The Chinese government recently declared all cryptocurrency transactions illegal, causing cryptocurrency exchanges to cut ties with users from mainland China.
The Chinese central bank, together with other nine government agencies, declared on Friday that trading, token issuance, order matching, and cryptocurrency derivatives are now strictly forbidden. This not only includes local cryptocurrency exchanges, but also overseas exchanges that offer services through the internet.
In the joint statement, the government stated that cryptocurrency trading disrupts economics and financial order and is related to illegal and criminal activities. It also claimed that because of this, and to maintain social stability and national security, the government made the decision to restrict these financial assets.
"Recently, virtual currency trading hype activities have risen, disrupting the economic and financial order, breeding illegal and criminal activities such as gambling, illegal fund-raising, fraud, pyramid schemes, and money laundering, and seriously endangering the safety of people’s property," the Chinese government stated.
As we already mentioned, several cryptocurrency exchanges decided to restrict mainland China users from using their services. Seychelles-based Huobi announced that it is not allowing users from mainland China to register anymore, while Binance, which is the largest exchange in the world, announced that they're doing the same and will remove the accounts of existing mainland Chinese users.
This is not the first time that the Chinese government has attempted to intervene in the cryptocurrency markets. Previously, it restricted cryptocurrency mining, claiming that this activity is not environmentally friendly and could affect the country's attempt to become carbon neutral. In 2017, the Chinese restricted the issuance of digital tokens, which is a way to raise money for crypto companies.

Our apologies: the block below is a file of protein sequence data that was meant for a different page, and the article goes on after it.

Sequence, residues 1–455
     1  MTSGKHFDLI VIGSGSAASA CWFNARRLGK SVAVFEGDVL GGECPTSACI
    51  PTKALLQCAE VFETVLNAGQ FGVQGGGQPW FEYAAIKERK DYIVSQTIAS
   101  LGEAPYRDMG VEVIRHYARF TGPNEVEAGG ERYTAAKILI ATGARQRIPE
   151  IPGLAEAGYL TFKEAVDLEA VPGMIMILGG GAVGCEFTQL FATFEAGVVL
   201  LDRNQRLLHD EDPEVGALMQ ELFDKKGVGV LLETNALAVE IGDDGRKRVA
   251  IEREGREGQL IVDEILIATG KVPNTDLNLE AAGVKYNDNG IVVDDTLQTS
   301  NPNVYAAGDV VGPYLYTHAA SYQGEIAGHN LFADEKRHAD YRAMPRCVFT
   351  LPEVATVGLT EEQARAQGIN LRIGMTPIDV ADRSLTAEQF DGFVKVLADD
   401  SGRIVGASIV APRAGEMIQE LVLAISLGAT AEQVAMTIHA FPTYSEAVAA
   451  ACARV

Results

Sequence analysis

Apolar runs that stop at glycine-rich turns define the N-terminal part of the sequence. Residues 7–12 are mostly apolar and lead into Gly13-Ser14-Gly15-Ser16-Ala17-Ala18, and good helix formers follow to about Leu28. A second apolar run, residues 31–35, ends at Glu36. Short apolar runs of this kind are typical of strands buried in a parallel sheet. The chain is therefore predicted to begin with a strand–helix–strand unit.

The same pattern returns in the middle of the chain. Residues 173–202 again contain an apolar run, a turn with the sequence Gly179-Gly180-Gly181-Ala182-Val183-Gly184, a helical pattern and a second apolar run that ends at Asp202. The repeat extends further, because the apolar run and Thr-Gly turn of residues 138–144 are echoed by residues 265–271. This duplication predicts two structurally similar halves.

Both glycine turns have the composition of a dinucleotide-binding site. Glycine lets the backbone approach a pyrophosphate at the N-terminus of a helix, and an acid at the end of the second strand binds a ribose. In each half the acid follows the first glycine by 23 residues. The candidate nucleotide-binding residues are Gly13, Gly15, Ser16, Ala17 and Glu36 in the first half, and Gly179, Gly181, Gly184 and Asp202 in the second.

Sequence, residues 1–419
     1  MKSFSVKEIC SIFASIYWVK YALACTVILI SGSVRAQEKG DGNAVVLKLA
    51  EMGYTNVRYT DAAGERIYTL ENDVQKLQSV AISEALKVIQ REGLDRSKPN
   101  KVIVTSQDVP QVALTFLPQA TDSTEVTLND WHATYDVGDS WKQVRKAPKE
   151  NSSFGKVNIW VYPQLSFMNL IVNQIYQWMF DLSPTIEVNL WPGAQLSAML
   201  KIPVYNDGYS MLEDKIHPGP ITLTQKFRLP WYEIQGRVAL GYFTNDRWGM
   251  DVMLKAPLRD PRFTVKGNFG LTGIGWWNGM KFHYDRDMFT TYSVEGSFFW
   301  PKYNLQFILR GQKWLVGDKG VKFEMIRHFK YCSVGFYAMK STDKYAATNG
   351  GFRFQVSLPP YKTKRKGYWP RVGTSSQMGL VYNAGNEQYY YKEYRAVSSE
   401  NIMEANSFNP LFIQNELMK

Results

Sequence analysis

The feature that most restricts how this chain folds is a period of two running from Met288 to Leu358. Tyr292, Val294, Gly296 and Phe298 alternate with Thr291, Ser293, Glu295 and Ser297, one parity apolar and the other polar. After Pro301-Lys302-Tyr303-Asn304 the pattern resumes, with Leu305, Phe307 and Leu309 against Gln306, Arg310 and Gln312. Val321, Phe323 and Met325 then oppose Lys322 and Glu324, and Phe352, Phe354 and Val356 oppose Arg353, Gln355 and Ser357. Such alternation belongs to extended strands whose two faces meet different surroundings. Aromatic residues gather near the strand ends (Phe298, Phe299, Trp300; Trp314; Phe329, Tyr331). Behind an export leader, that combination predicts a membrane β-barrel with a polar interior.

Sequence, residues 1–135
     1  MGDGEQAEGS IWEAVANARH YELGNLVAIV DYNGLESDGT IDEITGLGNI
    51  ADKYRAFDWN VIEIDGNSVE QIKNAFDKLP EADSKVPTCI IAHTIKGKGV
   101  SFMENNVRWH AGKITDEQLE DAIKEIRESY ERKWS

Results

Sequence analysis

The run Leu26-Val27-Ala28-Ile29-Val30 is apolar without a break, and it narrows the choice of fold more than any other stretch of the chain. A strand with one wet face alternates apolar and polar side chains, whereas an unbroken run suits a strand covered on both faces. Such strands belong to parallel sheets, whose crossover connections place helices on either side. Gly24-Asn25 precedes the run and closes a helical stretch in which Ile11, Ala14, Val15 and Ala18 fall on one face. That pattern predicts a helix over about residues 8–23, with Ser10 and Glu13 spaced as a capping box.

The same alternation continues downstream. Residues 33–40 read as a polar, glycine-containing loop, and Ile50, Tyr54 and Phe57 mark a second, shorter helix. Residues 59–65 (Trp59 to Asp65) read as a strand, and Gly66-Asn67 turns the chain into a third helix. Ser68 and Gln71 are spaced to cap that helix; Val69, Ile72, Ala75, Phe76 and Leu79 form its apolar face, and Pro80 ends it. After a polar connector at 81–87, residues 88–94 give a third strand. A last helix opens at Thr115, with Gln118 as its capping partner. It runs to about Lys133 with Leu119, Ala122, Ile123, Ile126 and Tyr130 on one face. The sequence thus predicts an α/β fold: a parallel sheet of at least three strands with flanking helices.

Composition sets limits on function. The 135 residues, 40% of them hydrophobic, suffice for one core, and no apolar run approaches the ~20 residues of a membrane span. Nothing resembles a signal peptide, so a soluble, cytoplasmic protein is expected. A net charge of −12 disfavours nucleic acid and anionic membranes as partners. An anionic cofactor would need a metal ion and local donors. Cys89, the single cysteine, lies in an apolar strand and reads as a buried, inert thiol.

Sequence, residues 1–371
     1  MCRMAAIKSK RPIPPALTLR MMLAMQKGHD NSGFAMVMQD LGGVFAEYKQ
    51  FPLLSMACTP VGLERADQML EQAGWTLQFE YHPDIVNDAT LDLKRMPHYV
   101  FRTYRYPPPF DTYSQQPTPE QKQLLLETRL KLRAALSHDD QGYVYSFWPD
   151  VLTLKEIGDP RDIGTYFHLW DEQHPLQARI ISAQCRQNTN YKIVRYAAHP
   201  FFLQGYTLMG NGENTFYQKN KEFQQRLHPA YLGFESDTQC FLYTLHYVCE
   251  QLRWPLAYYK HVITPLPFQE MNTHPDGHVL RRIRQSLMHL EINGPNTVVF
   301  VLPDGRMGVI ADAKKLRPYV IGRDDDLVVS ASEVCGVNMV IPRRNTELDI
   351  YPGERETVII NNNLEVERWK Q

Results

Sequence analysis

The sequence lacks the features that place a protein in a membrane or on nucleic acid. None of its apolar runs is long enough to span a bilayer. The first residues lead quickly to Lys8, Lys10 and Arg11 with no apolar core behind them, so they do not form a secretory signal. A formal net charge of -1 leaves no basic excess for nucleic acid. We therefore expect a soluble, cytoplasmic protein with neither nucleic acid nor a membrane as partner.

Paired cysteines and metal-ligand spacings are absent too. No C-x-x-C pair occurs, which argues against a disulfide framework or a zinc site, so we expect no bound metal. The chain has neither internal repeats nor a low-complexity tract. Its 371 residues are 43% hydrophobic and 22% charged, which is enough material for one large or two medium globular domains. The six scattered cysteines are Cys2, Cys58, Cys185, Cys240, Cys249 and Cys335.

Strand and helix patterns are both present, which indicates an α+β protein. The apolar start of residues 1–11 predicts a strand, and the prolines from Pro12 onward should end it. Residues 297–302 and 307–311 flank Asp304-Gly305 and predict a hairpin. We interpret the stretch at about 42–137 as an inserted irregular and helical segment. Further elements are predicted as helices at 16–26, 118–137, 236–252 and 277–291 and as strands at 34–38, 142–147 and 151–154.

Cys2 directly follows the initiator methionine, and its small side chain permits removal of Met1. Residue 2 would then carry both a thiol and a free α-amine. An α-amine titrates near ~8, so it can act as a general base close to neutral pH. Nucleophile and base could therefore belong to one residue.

Because of this, the main cryptocurrencies in the market lost ground, followed by crypto-related stocks. On Friday, Bitcoin dropped by 0.31% against the US dollar, closing the session at the 42,819.9 level. On Saturday's session, Bitcoin kept losing ground, going down by 0.31% and closing at the 42,686.8 level. In weekly terms, Bitcoin dropped by 11.63% against the greenback and gave up all the gains it made the previous week.
Despite this, Bitcoin has been recovering since the beginning of the week. On Sunday, it went up by 1.21% against the US dollar, closing the session at the 43,203.4 level. In weekly terms, the cryptocurrency gained 1.98% against the greenback.
Both Ethereum and Ripple have also gained ground since the beginning of the week. In weekly terms, the former has gained 5.95% against the US dollar, after dropping by 14.97% last week, while the latter has so far climbed by 2.52%, breaking a three-week losing streak.
Other countries are also attempting to regulate cryptocurrencies. Recently, the US Treasury Department announced sanctions against cryptocurrency exchange Suex, alleging that it was laundering ransoms for cyberattacks. Ransomware payments went up by $400 million in 2020, four times higher than the 2019 figure.
By 10:43 GMT, Bitcoin gained 1.94% against the US dollar, hitting the 43,903.0 level.